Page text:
Not that you should feel like you acting, but in each scenario you are playing a role- what is your function in any situation? At the conference, why were you worried about being a loner, why did you think no one would notice you? It's often better to be solo when networking and you were presumably surrounded by others who share your interests. . .

I suggest, when you begin to feel insecure- acknowledge it, then recall a time/person/event that makes you feel more secure and procede from there. Repeat as necessary.

Oh and kill any negative thought loops asap.
posted by abirdinthehand at 9:11 PM on March 13, 2013 [1 favorite]


I am also like this. When I was in college, people admitted later on in our acquaintance they they thought I was a snob / a cold person, and were pleasantly surprised to find out I'm very "funny and friendly".

I think it's my body language. Try to keep an "open" face, maybe have a slight (not demented) smile or at least pleasant expression on your face. I read an old book about how you should say the word "limb" to yourself, and it puts your muscles in the right position. Keep your eyes "warm". Don't cross your arms when talking to someone. When seated and your hands are in your lap, have them palm up, not palm down. Eye contact, definitely, but if it feels too intense, use the Triangle Method: you're free to shift your gaze within the area in the shape of inverted triangle, with points at each eye and somewhere above the nose. Sometimes I just focus on their glabella. Just don't look at their mouth, because it signals something else. If someone cracks a joke, at least grin.

There are a few more methods I came across in a Leil Lowndes book, but I can't remember which one. It might have been How To Talk To Anyone, but she has a lot of other books that rehash the same tips. Good stuff, like pretending the person you are talking to is an adorable toddler, because then something just shifts in your demeanor. Or imagine that the new person is an old friend. Try to mentally recast people from "stranger" to "potential buddy".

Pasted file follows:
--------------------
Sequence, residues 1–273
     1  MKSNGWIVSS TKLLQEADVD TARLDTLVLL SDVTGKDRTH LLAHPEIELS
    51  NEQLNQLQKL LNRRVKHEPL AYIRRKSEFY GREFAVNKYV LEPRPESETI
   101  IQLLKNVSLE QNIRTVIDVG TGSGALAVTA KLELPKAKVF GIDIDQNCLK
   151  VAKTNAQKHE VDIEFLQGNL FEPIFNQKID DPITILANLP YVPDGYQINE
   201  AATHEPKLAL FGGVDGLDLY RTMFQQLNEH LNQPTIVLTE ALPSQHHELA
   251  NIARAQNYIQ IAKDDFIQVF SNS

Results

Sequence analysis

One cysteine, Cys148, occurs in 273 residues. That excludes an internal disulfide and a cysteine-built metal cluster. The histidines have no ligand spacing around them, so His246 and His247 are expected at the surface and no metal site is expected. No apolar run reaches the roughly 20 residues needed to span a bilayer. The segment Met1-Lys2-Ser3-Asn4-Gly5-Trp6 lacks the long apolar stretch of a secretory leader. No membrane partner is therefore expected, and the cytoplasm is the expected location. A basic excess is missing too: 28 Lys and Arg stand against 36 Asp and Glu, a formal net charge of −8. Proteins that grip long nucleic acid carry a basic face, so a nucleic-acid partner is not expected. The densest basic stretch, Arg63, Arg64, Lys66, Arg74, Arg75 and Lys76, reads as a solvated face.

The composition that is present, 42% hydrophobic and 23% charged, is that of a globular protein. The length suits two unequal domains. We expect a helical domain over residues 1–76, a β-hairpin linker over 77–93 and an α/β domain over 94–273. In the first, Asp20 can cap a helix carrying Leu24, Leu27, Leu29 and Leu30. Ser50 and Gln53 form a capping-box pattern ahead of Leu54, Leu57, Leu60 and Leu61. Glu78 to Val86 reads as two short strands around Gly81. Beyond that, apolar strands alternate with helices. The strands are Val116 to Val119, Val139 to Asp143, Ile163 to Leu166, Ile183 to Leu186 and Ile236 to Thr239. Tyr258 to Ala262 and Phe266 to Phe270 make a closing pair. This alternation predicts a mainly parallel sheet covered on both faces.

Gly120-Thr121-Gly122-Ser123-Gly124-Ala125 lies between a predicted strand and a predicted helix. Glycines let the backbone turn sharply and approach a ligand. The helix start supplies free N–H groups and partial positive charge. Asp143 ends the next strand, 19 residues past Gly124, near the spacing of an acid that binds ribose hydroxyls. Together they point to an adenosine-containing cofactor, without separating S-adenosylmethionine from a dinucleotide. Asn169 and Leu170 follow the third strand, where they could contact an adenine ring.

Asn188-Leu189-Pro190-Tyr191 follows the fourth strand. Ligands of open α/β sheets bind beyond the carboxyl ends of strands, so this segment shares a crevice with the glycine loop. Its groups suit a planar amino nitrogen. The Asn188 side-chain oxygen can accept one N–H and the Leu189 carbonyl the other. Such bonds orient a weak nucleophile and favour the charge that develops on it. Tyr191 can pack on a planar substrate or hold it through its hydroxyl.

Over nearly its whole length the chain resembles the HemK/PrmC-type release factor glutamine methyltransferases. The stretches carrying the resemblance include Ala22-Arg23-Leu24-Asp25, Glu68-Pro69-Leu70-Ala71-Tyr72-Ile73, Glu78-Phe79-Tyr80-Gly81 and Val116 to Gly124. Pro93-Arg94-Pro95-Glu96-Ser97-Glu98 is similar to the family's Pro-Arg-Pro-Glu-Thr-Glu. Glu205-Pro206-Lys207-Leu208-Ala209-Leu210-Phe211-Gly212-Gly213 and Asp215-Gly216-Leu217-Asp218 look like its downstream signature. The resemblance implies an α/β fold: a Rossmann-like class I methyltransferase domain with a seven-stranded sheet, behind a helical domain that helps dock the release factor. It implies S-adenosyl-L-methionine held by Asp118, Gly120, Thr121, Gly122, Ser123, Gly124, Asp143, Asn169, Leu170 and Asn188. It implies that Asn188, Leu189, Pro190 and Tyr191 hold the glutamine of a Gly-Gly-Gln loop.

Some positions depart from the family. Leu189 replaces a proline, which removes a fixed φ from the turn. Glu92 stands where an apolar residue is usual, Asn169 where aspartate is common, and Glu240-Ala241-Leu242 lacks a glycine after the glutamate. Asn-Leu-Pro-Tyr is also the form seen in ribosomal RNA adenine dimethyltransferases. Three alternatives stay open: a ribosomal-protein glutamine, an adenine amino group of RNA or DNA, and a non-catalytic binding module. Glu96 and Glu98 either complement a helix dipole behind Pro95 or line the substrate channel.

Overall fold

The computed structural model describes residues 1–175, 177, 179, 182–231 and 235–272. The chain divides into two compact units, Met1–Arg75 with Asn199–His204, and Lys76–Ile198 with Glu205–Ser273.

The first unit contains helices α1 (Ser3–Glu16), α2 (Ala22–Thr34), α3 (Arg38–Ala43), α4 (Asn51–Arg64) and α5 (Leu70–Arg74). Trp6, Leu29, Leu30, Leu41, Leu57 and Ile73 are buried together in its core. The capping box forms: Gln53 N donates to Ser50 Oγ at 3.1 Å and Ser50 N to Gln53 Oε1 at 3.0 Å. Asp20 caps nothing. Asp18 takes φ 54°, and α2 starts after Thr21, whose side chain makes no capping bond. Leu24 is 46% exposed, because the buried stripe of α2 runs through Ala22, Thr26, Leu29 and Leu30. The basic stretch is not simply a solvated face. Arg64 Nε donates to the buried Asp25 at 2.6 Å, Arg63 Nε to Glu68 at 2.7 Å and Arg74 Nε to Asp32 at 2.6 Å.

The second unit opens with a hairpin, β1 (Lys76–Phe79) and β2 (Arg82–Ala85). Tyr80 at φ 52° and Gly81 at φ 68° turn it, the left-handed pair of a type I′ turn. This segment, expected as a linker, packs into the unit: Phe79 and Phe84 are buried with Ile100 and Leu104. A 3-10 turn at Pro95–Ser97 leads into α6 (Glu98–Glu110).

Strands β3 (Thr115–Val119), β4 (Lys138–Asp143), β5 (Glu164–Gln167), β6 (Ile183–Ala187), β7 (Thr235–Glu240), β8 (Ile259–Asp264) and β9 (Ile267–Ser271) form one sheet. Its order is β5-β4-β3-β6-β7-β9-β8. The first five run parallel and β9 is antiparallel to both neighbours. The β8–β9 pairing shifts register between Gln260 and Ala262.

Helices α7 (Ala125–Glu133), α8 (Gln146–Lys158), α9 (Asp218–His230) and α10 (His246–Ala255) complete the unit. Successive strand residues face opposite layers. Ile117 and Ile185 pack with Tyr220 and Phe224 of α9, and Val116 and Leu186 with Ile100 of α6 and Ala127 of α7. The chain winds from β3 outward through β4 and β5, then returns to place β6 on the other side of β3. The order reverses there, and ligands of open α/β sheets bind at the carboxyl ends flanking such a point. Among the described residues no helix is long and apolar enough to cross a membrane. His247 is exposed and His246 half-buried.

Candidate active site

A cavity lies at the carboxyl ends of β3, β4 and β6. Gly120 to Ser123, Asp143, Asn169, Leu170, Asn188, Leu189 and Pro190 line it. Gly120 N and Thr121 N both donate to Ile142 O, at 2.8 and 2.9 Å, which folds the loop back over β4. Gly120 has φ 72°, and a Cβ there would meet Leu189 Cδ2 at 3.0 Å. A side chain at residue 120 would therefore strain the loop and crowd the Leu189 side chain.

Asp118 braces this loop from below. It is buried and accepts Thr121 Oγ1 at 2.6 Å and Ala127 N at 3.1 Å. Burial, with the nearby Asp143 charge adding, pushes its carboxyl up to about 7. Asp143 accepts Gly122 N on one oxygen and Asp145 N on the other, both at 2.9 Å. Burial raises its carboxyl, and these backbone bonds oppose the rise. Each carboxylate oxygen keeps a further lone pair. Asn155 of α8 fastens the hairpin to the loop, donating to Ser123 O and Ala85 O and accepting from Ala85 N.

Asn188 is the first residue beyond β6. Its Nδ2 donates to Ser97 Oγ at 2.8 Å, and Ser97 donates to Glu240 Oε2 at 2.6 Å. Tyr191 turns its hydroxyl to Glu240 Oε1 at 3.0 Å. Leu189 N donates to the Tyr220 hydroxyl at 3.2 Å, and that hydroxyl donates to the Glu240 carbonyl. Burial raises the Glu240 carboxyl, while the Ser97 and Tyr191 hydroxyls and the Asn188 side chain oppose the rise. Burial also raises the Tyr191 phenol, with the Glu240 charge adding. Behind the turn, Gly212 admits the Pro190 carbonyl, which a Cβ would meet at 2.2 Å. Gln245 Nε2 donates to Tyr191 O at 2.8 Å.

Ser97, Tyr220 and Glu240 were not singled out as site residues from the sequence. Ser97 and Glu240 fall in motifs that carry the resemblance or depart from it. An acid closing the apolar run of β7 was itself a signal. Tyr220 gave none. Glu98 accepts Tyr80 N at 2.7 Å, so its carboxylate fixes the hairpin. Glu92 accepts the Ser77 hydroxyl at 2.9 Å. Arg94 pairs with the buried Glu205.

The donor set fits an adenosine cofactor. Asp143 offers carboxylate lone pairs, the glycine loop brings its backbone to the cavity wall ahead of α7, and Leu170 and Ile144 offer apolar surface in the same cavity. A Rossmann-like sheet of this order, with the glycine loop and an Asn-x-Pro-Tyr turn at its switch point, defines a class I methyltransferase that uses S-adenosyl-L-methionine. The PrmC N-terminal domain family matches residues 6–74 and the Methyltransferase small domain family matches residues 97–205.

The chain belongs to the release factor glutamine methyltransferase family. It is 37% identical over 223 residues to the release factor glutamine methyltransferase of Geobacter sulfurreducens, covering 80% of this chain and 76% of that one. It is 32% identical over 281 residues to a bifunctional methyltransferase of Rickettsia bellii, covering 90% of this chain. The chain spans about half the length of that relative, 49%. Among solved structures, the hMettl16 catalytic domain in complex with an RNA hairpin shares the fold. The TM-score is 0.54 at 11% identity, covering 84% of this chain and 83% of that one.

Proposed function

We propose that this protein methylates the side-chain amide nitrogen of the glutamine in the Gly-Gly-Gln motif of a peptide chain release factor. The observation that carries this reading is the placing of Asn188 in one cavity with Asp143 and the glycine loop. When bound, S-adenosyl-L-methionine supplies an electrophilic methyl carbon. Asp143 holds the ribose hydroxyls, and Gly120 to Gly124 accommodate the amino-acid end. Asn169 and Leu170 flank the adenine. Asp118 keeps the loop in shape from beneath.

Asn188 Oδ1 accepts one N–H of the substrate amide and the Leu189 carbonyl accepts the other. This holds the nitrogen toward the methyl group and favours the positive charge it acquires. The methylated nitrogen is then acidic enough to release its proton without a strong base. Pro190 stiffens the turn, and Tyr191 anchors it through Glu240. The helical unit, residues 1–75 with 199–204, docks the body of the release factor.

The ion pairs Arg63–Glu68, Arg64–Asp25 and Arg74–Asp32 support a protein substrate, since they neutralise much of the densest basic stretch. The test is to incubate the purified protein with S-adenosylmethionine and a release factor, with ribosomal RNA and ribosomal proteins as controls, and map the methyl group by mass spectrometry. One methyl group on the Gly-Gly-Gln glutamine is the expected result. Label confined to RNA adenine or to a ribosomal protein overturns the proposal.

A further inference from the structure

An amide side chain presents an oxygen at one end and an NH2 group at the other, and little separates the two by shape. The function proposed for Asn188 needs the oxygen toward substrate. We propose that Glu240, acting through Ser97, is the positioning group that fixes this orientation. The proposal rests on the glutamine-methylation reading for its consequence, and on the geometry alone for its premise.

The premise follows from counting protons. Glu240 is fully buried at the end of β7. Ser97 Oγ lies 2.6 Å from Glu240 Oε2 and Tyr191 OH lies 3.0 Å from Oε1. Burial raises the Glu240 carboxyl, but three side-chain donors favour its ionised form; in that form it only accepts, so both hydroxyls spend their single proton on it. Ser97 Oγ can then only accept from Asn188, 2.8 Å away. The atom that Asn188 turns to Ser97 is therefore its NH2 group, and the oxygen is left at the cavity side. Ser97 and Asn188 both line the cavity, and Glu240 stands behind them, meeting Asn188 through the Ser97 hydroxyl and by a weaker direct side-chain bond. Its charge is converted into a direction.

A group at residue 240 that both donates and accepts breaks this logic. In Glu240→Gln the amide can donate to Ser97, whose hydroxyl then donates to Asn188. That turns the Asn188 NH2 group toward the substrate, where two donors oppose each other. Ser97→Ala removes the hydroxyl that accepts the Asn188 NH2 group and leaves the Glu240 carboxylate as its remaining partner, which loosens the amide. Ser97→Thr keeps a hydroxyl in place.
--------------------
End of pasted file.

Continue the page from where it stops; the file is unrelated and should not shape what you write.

Don't worry about coming across as too forward. As long as you aren't ogling any breasts, and you're at least an arm's length of distance away (maybe two?), you should be fine. Good luck! Just practice. At first it feels weird, then it starts to sink in. In my case it's easy for me now to go into "Receptionist / Flight Attendant Barbie Mode". (Afterwards, I'm like the doll in Toy Story: "Are they gone? Can I stop smiling now? God, my cheeks hurt.") Find a similar person/persona you can be for a few minutes, to make it fun.
posted by pimli at 10:20 PM on March 13, 2013


It's one person's opinion. Don't give it too much importance.
posted by zadcat at 12:02 AM on March 14, 2013 [2 favorites]


I am also shy/anxious and used to be a wallflower, but I like socialising and so have tried to develop ways of getting talking to people without waiting for them to approach me. One thing I've learned, hiding will never work if your desired end result is to make connections with new people.

This is what's worked for me:

Accept that you won't click with everyone. This is important and not a failing on your part!

Go into the situation assuming the best: that you are great, and that people want to meet you.

Smile, and smile first - don't wait.

Have some 'stock' questions that aren't too boring to answer. "I can see we're both friends with Tom. How do you know Tom?" is always a good icebreaker for social situations because then you can lead into some good Tom-specific banter. "So what do you do?" is another one, because again, you can use that as a jumping point for further conversation.

Really engage with the person. Don't check your phone, look over their shoulder, or any other indications that you don't want to talk to them. When they ask you a question, don't just say 'yes' or 'no' - that just kills a conversation flat - lead onto something that you can bounce back to them.

This is a bit of a YMMV but I have certain stock anecdotes that I tell if I can fit them organically into the conversation. They are about standard things that most people can empathise with - work, holidays, etc. I think it's useful to have one or two funny or interesting stories about yourself or people you know, that listeners can empathise with. I remember meeting a girl at a party who told me about her friend's EPIC rodent infestation problem. (Don't shoehorn your stories in awkwardly, but if they're about topics that come up often, then you can feel confident that you have something concrete to contribute to the conversation.)

Last month I went to a get together where the ONE person I knew showed up an hour after me, which meant that for an hour I was sat there among strangers. I know, nightmare, right? But using the above approach I was actually able to genuinely enjoy myself, and met some really nice people.
posted by Ziggy500 at 5:03 AM on March 14, 2013 [2 favorites]


You might be interested in The Charisma Myth, which despite its title tells you how to increase your charisma.
posted by ceiba at 7:52 AM on March 14, 2013


I hate to have to say this, but are you a woman? If so, there are different expectations as to how friendly you're supposed to be, and different tactics on how to meet them.
posted by snickerdoodle at 8:28 AM on March 14, 2013 [3 favorites]


I am female, yes.
posted by mooza at 3:05 PM on March 14, 2013